We behave differently, virtually: Our virtual selves differ psychologically from our real selves

One of the enigmas of online human behaviour is that it seems as if we instinctively believe our virtual selves are somehow removed from our real-world existence. People tend to do things within online realms they would probably do differently physically. This means we need to be aware that our online behaviour differs from the real world to become fully responsible for our virtual selves.

Research into the psychological differences between actual and virtual behaviour is scarce.

But in one ground-breaking study by Michael P. McCreery, S. Kathleen Krach, P.G. Schrader and Randy Boone, Defining the virtual self: Personality, Behaviour, and the Psychology of Embodiment (Elsevier Ltd., 2012), the following conclusion was made:

“Although the existence of a virtual self appears likely, it does not appear to be an equivalent persona, but rather a projection of psychological characteristics (e.g., personality traits) that are necessary to work in conjunction with the content, purpose, constraints, and affordances of the environment in which the avatar [the virtual self] exists. Therefore, it would seem prudent not only to limit how the construct is defined, but also to conclude that the virtual self may differ from environment to environment based on each one’s intended outcomes, goals, and system structures.”

This means we adapt our virtual self psychologically to each of the virtual environments in which we appear, along with other actors (or players) in each virtual environment also adapting in a similar way. We could say that we therefore do act and behave differently online in a psychological sense and that others also act contrarily, depending on each virtual environment.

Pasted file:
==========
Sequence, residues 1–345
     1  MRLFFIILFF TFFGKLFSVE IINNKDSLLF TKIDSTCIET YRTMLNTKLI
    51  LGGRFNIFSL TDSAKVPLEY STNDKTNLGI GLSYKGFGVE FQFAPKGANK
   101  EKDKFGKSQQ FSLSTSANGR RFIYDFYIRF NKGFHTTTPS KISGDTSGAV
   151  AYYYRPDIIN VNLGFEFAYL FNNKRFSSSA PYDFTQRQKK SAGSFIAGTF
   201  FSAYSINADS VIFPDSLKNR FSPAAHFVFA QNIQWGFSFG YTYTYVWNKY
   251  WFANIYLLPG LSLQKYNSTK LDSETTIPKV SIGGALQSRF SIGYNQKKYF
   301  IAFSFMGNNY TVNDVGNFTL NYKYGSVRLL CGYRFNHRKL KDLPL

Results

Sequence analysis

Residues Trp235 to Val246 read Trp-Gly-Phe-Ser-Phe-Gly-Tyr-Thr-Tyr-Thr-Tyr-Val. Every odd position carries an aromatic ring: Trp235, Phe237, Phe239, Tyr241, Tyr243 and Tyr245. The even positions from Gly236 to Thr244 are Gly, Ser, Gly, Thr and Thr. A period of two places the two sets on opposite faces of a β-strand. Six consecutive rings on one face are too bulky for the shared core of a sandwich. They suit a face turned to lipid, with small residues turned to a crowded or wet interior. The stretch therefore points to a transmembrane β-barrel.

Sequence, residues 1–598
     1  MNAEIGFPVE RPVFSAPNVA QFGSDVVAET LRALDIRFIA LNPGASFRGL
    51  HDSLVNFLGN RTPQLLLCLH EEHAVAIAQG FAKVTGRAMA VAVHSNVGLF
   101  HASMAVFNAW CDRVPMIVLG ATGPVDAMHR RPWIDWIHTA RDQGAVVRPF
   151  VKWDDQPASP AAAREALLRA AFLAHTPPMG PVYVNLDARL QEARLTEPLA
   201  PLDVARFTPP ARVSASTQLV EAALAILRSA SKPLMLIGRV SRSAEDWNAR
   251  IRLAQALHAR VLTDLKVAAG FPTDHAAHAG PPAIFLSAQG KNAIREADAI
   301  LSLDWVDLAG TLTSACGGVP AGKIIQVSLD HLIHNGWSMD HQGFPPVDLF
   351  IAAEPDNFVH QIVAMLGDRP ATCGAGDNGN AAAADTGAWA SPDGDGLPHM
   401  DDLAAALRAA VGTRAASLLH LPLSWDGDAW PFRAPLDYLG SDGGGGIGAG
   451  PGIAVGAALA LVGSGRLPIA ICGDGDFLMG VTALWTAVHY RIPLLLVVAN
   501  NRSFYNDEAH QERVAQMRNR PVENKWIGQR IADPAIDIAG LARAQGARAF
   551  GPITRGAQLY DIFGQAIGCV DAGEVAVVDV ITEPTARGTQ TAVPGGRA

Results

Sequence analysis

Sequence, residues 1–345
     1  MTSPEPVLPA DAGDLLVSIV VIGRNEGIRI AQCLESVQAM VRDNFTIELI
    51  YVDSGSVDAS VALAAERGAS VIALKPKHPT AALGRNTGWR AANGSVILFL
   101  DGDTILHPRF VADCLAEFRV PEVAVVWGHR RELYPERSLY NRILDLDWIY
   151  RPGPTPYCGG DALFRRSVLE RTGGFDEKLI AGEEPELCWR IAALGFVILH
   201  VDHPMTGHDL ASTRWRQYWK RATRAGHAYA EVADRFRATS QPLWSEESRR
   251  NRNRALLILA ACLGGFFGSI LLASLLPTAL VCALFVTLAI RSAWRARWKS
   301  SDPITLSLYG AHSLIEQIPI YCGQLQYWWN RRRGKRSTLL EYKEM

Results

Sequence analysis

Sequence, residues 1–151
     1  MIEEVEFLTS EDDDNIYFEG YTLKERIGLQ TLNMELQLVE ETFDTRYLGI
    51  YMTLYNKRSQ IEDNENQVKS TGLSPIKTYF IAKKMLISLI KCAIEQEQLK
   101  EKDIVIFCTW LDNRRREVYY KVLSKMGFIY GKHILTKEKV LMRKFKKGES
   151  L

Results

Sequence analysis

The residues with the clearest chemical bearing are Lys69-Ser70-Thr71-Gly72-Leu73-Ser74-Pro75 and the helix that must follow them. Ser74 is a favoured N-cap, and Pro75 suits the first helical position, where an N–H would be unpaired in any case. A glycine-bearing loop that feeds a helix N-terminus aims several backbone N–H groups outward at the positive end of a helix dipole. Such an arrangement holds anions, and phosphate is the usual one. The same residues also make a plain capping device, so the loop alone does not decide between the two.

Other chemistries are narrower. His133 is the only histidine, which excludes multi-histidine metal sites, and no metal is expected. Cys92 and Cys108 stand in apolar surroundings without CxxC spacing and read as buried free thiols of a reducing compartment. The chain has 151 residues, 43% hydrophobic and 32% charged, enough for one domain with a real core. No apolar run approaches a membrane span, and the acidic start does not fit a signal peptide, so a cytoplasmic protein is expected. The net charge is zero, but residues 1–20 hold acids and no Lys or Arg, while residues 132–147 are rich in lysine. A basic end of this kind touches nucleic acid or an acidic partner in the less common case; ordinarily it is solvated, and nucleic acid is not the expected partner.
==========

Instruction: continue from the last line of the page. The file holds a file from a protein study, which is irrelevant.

The research referenced above specifically studied game players and the behaviour of their avatars in the virtual World of Warcraft as it relates to personality domains such as neuroticism, extroversion, openness, agreeableness and conscientiousness.

But the conclusion that we act differently across the personality domains studied in each virtual space in which we occupy an avatar (or virtual self), can probably be extended to the general concept of a virtual self.

The implications for the designers and developers of virtual worlds, such as the metaverse is profound, as psychologists should provide guidance for the entire process. (By the way, for many years already, Meta Platforms has invested in the recruitment of top psychologists to advise the company on its development of services).

The World of Warcraft study also concludes that the concept of a virtual self that is different to the real self, has vast implications for virtual spaces.
“The emergence of a virtual self as a psychological component of VE (virtual environment) software has substantial implications for developers, instructional designers, and content experts.

“By examining the relationship between psychological characteristics (e.g: personality traits) and behavioural patterns, design and development efforts can better align an avatar’s attributes with system constraints and affordances to better facilitate social agency, role adoption, and personae integration. These links can be used as guidelines to develop targeted behaviours and skillsets designed to help participants reach intended outcomes.

“For example, developers interested in increasing social agency within an environment might assess how their design choices encourage the transfer of a player’s psychological characteristics onto an avatar in order for participants to experience more than a superficial connection to one another.” In summary, what all this means is that our own personality domains are not transferred directly to our virtual self. Rather, we tend to attach a different set of personality domains to our virtual self. Our real and virtual selves are thus psychologically contrary and are influenced differently within each simulated environment our virtual selves find themselves in.

Source: Michael P. McCreery, S. Kathleen Krach, P.G. Schrader and Randy Boone, Defining the Virtual Self: Personality, Behaviour, and the Psychology of Embodiment, Elsevier Ltd., 2012

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